As Agemas are made in limited numbers, later optics can be improved. Not all Astro Physics made in their history were perfect, and various other esteemed makers have been known to have had glitches.

 

But what do people here expect from a top doublet? Do they expect top triplet or more complex optics performance? All advertising should be taken with a pinch of salt anyway.

 

Agema v other slow FL doublets, current and classic, is what should matter. Refractor cognoscenti should know that. How does the SD120 compare with 115-120mm ED apo rival doublets? Ditto for 150s. The 130 is v the 125s & 127s I guess.

 

Forget >2 lenses, concentrate on =2 only.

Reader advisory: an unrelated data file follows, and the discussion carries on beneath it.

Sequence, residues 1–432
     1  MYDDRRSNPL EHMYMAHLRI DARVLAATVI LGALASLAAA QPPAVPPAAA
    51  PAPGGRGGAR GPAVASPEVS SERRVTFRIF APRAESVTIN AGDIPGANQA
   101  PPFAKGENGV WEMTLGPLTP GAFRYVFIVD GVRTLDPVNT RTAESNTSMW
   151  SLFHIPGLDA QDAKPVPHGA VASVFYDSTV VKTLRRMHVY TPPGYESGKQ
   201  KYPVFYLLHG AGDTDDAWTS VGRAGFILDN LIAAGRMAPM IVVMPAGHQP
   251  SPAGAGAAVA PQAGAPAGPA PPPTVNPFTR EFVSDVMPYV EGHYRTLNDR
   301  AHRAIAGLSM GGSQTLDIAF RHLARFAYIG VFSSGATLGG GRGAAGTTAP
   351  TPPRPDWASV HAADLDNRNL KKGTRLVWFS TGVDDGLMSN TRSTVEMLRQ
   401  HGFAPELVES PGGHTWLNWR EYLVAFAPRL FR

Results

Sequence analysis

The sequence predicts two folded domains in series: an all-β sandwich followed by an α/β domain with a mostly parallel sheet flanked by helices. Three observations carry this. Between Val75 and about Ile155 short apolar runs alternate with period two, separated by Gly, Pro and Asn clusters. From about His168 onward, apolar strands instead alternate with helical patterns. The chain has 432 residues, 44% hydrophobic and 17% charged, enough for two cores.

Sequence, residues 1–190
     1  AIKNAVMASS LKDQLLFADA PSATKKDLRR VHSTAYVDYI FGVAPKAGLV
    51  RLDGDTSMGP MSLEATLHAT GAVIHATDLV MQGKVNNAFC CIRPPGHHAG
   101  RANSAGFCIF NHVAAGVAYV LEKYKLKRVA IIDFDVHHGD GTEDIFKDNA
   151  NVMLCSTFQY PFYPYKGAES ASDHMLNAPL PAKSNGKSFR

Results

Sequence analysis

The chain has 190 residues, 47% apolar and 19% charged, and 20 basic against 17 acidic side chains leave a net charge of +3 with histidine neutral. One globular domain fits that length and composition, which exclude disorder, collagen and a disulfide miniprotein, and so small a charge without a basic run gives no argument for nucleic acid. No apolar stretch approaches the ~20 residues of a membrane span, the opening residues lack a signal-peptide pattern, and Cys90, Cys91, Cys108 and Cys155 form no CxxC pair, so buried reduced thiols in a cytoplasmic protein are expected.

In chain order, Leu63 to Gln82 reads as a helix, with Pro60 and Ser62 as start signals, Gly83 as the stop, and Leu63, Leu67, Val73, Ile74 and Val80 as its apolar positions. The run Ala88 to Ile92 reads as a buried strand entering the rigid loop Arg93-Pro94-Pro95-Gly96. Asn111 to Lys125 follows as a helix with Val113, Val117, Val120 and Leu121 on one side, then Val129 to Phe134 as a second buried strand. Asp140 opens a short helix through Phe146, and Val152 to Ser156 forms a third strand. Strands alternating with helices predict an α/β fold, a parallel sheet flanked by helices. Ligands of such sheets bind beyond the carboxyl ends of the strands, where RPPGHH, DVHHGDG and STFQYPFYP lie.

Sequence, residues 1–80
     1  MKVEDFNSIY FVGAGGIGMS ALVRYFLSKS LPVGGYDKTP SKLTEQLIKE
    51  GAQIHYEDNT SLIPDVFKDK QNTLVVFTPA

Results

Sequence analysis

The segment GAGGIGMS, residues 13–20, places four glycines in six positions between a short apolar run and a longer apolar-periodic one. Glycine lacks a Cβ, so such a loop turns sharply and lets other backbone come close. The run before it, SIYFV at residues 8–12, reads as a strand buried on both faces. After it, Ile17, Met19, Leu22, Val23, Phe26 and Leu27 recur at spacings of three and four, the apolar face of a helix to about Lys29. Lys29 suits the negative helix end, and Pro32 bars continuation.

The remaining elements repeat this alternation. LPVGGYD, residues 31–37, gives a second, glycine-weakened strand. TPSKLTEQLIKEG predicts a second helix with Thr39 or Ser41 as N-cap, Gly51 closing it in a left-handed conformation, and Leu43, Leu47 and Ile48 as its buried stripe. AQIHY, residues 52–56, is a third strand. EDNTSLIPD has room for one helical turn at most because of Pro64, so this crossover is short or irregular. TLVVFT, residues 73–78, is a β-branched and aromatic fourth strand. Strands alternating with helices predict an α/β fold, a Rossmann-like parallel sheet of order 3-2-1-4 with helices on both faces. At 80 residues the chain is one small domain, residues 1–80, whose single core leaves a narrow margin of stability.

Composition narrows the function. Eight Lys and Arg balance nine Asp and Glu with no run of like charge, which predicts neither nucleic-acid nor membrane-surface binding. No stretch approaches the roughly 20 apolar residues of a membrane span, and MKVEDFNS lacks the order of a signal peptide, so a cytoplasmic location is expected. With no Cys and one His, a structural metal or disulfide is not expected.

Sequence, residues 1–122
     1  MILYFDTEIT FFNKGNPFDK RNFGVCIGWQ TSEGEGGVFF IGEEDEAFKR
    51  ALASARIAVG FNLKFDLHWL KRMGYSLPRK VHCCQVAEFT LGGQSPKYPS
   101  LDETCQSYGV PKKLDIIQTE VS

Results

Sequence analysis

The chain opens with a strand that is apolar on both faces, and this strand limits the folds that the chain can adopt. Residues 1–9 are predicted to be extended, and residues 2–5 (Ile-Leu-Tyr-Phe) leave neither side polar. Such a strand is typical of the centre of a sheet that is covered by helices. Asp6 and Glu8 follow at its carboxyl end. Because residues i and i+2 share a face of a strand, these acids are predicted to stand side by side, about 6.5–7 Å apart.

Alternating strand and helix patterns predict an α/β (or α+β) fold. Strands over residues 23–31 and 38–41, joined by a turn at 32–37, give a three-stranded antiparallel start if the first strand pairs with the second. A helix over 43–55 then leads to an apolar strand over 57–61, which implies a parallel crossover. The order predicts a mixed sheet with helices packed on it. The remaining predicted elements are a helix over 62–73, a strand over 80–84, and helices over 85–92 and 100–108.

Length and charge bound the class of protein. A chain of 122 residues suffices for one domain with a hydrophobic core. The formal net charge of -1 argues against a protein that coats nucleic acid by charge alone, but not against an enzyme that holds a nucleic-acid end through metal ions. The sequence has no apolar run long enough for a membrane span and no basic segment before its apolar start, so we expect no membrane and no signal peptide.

"The amplitude of residual deviation in our system is 2.5–3 times smaller than the Abbe criterion for apochromatic lenses. The system’s Polychromatic Strehl Ratio exceeds 90% for the entire 430–700nm visual range.  .....

By carefully selecting our glass and fluorite and using the refractive index data from the actual glass melt, we produce optics precisely fabricated according to calculated design."

 

Source:  https://www.agemaopt...com/telescopes/



#1587 25585

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Posted 26 April 2024 - 11:41 AM

I am keeping my TOA... Hopefully will get improved sky conditions in the next couple of months wink.gif

There is the truth, rubbish in = rubbish out. Better skies = better results & better scopes pay you back. waytogo.gif



#1588 Heywood

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Posted 26 April 2024 - 11:59 AM